The dark silty soil generated during the event makes it difficult to correlate features on the rock face beneath the failure, however, it seems like it initiated at a site just above the soil-covered region of the rock slope (i.e. above the light green marker). The slope crest was then the last to collapse. Often such an upward-propagation is associated with removal of a key block that has been weakened by high tensile or shear stresses at the toe of a creeping rock slope. This would be consistent with excellent work by members of the Engineering Geology group at ETH Zurich, which identifies slow creep in the upper section of the slope, and correlates this to bedrock structure and seasonal thermomechanical effects.

As in the lower image, the failed region appears to lie immediately above a long undulating discontinuity (black lines in inset) that slopes downhill at an angle slightly greater than that of the upper grass-covered surface. White arrows indicate where the discontinuity seems to have opened up as a result of the upper section creeping downslope relative to the lower rock mass. This kind of movement would be consistent with the initiation of failure immediately above a step in the sliding surface. The current activity could therefore be the result of slow creep that has been ongoing since the Randa rockslides in 1991. The wet summer may have accelerated this process, and although not strictly a 'trigger' (as the failure occurred on the first sunny day in several weeks), increased pore pressure and weathering on the sliding surface may have bought the slope to failure more rapidly, and therefore increased the probability of a collapse on any given day.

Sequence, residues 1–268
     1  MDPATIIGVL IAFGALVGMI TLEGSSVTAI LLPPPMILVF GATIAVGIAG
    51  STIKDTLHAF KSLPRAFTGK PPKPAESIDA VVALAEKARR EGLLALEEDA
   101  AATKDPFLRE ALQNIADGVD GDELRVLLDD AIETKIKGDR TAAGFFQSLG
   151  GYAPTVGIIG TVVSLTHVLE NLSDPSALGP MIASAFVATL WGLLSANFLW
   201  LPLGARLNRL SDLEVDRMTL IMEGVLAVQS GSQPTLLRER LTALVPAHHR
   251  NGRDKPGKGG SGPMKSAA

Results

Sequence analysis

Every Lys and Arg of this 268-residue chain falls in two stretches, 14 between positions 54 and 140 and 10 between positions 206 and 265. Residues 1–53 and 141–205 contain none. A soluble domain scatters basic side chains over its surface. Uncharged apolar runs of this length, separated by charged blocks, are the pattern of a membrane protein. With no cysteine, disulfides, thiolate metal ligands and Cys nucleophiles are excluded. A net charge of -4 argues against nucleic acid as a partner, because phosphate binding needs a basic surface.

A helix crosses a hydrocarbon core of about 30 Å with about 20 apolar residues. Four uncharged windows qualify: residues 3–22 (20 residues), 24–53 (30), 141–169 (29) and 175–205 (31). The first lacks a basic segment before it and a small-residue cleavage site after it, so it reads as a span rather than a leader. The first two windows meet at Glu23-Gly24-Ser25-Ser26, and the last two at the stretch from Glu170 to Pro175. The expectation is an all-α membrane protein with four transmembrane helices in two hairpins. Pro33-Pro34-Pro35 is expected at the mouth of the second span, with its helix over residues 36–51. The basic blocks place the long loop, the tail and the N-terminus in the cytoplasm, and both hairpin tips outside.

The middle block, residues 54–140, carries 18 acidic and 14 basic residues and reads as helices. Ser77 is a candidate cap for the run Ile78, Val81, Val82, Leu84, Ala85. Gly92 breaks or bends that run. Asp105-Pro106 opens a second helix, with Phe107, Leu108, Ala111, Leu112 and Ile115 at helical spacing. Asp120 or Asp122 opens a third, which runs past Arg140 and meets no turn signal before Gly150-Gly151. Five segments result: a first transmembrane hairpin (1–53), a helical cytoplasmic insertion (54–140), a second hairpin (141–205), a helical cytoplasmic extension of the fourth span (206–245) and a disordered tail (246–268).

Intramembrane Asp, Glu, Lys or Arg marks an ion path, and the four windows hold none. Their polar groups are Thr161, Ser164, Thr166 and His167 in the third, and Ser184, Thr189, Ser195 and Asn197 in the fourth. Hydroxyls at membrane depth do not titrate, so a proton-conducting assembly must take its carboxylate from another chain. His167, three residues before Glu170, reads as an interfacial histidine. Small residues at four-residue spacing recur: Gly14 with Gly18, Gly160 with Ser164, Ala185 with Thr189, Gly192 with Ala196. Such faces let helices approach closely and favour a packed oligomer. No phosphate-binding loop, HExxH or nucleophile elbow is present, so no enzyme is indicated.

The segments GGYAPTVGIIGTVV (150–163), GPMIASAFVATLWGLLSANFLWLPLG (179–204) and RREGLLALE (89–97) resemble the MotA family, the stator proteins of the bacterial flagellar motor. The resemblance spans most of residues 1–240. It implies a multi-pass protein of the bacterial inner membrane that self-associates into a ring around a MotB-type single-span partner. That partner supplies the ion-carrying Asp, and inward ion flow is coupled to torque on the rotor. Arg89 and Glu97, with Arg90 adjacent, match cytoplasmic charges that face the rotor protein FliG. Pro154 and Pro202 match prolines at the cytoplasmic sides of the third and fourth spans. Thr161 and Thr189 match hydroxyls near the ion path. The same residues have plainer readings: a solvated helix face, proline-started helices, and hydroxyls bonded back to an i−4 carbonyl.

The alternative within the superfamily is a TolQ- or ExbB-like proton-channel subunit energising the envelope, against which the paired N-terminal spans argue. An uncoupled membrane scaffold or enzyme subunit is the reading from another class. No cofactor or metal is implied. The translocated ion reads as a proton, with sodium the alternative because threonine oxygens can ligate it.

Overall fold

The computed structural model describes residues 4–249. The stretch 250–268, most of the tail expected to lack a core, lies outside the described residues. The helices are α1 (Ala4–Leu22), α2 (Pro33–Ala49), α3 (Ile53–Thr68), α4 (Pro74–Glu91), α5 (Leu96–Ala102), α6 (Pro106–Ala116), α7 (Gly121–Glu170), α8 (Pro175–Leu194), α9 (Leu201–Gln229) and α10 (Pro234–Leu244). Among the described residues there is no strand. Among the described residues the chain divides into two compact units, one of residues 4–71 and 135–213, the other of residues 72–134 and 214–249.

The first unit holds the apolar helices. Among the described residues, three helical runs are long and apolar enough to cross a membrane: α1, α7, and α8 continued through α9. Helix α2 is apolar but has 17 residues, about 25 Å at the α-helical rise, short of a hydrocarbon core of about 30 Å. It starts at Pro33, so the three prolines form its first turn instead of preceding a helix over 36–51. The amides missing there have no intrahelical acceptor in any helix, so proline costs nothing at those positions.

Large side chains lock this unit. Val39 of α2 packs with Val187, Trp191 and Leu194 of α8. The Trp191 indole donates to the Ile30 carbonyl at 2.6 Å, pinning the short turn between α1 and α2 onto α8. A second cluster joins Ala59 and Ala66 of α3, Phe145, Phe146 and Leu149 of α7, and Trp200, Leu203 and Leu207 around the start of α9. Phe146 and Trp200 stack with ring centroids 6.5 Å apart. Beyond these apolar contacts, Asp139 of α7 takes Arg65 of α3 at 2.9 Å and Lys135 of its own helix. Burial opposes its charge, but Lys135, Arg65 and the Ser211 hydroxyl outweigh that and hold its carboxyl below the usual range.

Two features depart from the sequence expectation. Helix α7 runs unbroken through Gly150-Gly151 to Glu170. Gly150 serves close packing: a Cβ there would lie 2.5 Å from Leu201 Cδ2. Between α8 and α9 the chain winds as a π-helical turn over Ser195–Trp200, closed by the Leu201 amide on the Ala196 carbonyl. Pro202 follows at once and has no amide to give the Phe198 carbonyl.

If this event is the result of deeper slope movement (as opposed to an isolated collapse of surficial material), then possible soil disturbance 10's of meters back from the active cliff face (see image above) may be an indicator of much larger failures in the future (although no-where near the volume of the 1991 events). Irrespective of the driver or mechanisms, this apparent re-activation of the slope is interesting, and further observation or investigation could be warranted.

An alternative view of the Randa rock slope prior to failure (12/08/14, credit: J. Beutel). Two apparently open fractures are indicated by white arrows. The inset provides an interpretation of creep that may have contributed to the opening of steeper sections of the undulating discontinuities. As in the previous image, the region that failed during the 29/08/14 video is highlighted in dark red. Colored circles can be used to reference pre- and post-failure photographs. Click here to view the original image, additional annotated and un-annotated pre-failure images are also available.

Monday, 1 September 2014

Ongoing instability of the Randa rock slope (Switzerland)

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Ongoing rockfall activity from the Randa rock slope at 1 pm on the 29th of August 2014

Two very large rockfalls in 1991 left an almost 1,000 m high cliff on the western side of the Matter Valley in Southern Switzerland. The valley is one of the most travelled in the Alps as it serves as access to the town of Zermatt and the skifields immediately adjacent to the Matterhorn.

Research into the cause of the 1991 failures and current state of stability has been ongoing for more than 20 years, and the site is now a classic example of alpine rock slope failure. Although regular rockfall is common from the remaining scarp, the event captured on video is one of the larger failures since 1991. Rockfall was ongoing throughout the day, and the event in the video occurred just after midday.

Large failure from near the crest of the remaining rock slope

The video was captured during a scientific workshop with members of the Chair of Landslide Research from the Technische Universität München, and the Geomorphological and Environmental Research Group at the Universität Bonn.

Randa rock slope in early August (05/08/2014)

Close up of the region of current activity (this is estimated to be perhaps 60 m high). Dark red indicates the approximate region of the present failure. Orange indicates a region of rock that may have been destabilised as a result of the activity.

A pre-failure photo taken two weeks prior to the event (12/08/14). The photo was taken by members of ETH Zurich as they descended by helicopter from the Randa in situ rock laboratory (credit: J. Beutel). Inset indicates the approximate failure location, as well as apparently open cracks on adjacent failure planes.